Allowing the EGM plea by Invesco to oust Punit Goenka, the division bench of the Bombay High Court quashed the single judge order and has ordered to keep the status quo for 3 weeks for Zee to appeal against the order in the Supreme Court.
ZEE’S MERGER WITH SONY
Nearly a week before Invesco’s petition before the NCLT, Zee Entertainment Enterprises entered into a non-binding term sheet to merge with Sony Pictures Networks India (“SPNI”), combining both companies’ networks, digital assets, production operations and program libraries. Subsequent to conducting mutual due diligence and finalizing the negotiations, the two entities on the last day of the pre-agreed 90-day exclusivity period signed a definitive agreement to conclude the deal, which will see Zee merging into SPNI to establish a new entity. The new entity is anticipated to produce India’s second largest entertainment network in terms of revenue. The merged company’s board would entail nine members, five out of which would be induced by Sony, three would be independent directors, and Zee is to be represented by Punit Goenka, who would also assume the role of CEO and MD of the new company. Be that as it may, SPNI would be the sole promoter in the entity. Under the transactions deliberated by a non-compete agreement barring Zee to enter the sports broadcasting business for up to 4 years, the promoter group of SPNI covenants to pay a non-compete fee to the existing promoters of Zee. The fee would be in turn employed by Zee’s promoters to infuse primary equity capital into the merged entity, entitling them to acquire an estimated 2.11 per cent of the shares in the combined company on a post-closing basis. Thus, promoter group of SPNI would possess the majority stake of 50.86 per cent as compared to 3.99 per cent held by Zee’s promoters after the closing. Extant shareholders of Zee Entertainment Enterprises Ltd. would thereafter be holding a 45.15 per cent stake in the new company18. In accordance with the signed deal, the new entity will be publicly listed in the country and the promoters of Zee are entitled to augment their stake up to 20 per cent over a period of four years from open market at prevailing market prices, subject to application of 5 per cent creeping acquisition norms. In accordance with the terms of the deal, Zee shareholders will get 85 shares of the new entity for every 100 shares held in Zee. Further, the merger is subject to approvals from the stock exchanges, SEBI, NCLT, Competition Commission of India (“CCI”), Ministry of Information and Broadcasting, shareholder and creditor, and third party before it can be completed.
THE INVESCO IMPEDIMENT
The Zee- Sony deal faces uncertainty due to meagre promoters holding in Zee. In the light of the governance battle with the current board of the company, Invesco’s assent plays a prominent role in the success of the transaction. Amidst the exclusivity period, Invesco handed out an open letter 19 to the shareholders of Zee, iterating obscured support for the non- binding term sheet but raising two concerns over the proposed merger deal. Primary subject of concern for Invesco was the unfairly rewarding a 2 per cent equity stake the founding family in the guise of a non-compete, at the expense of the stake of other ordinary shareholders. In particular, the merger is believed to dilute Invesco’s stake down to 8 per cent in the new entity. Another anticipated cause for which Invesco might have dissented to the deal is the equivocality on the specifics for Zee promoters raising their stake from the current 3.99 per cent to 20 per cent, since the scheme does not provide the promoter any pre-emptive or other rights to purchase shares of the merged entity from the promoters of SPNI. The said open letter was also an attempt to once again stimulate and reinstate the demand for pursuing EGM to effect the requisite change in Zee’s board reaffirming the corporate governance debacle. The largest shareholder of Zee also expressed its disappointment that the management of Zee is hiding away and resorting to the merger-in-progress as a retort to the overpowering shareholders insisting a change in the leadership at Zee. What was left out from the open letter was the disclosure of opportunity cost of the parties embroiled in the dispute. It was revealed that in January 2021, the behemoth Reliance Industries Ltd. made an offer to Invesco to merge its media business with Zee. When the news became public during the exclusivity period, Reliance issued a statement clarifying that the deal did not go through due to nascent differences between Zee and Invesco. It further said that the offer was not even presented before the board of Zee. The outbreak of the update has subsequently raised doubts over the investment firm’s persistence to oust the current Zee MD on the façade of depraved corporate governance. In the opinion of legal experts, the transaction might take a tad longer than the tentative time owing to the litigation. The merger would have to experience complex competition analysis from CCI due to the significant market presence of both the companies, which would further defer the completion of the deal.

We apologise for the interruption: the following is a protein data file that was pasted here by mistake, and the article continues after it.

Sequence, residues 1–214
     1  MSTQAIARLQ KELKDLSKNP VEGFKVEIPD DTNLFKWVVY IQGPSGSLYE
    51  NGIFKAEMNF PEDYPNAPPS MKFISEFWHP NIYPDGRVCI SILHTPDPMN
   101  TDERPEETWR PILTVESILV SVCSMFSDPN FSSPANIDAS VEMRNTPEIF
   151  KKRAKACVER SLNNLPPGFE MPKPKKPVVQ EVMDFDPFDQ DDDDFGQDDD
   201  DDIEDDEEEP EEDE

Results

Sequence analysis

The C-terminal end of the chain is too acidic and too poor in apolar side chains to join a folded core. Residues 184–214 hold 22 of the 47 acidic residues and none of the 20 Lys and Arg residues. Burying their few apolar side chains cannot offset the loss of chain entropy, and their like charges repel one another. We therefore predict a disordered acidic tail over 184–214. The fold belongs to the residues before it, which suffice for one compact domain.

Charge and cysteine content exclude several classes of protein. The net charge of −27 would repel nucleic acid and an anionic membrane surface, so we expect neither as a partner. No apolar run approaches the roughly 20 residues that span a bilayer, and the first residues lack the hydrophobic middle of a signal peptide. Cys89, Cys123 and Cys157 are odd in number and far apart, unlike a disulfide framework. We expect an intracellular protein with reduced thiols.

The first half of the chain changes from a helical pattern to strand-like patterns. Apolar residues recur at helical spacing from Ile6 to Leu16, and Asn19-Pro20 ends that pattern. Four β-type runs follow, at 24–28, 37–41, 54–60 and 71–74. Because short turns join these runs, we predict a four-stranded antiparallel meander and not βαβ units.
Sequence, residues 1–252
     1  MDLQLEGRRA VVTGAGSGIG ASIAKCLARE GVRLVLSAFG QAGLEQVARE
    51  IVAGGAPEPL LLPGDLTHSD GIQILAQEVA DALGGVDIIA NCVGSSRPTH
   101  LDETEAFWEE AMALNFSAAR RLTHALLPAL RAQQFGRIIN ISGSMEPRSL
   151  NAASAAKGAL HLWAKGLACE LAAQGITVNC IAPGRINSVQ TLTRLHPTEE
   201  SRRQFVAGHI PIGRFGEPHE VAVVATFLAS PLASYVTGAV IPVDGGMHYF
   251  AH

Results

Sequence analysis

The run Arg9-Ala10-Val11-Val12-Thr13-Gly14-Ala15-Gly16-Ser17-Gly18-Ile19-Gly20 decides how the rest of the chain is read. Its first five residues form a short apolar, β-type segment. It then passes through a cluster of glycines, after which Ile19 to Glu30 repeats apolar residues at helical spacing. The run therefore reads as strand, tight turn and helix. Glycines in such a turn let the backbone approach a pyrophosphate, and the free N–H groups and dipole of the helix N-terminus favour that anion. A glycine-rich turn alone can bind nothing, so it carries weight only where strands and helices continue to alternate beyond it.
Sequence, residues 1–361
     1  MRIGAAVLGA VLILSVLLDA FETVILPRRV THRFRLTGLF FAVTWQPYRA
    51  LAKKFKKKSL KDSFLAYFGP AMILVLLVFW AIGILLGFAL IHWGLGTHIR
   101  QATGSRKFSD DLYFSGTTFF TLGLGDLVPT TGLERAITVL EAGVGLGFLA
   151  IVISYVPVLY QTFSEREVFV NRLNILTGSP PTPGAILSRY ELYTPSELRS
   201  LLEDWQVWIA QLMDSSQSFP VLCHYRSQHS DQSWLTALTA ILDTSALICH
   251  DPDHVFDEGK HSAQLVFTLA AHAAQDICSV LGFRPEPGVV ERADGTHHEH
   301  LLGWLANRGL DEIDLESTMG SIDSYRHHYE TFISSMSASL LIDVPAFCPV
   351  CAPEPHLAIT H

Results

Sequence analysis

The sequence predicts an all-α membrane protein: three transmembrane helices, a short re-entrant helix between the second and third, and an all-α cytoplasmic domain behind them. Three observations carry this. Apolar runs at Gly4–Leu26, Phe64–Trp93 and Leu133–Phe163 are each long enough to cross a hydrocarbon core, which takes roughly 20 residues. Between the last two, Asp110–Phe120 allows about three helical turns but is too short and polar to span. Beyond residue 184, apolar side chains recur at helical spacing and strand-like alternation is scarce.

That being said, how Invesco votes upon the merger was seen as the litmus test for its intents towards Zee and the promoters, since the merger would renovate Zee into a subsidiary of the Sony USA, which would sequentially develop and advance corporate governance at Zee, the root cause of the brawl. Invesco’s dissent would have also proved to be counterproductive for Zee and put it back in the past, and thus detrimental to the minority shareholders’ wealth 20. However, after months of unrest, Invesco finally gave its assent to the deal acknowledging the benefits to the shareholders and accomplishment of its objective of strengthening board oversight of the company. Furthermore, while calling a truce and withdrawing its EGM requisition, Invesco had reportedly also sold 7.8 per cent of its stake in Zee in a block deal in the month of April, thereby putting a rest to all the differences.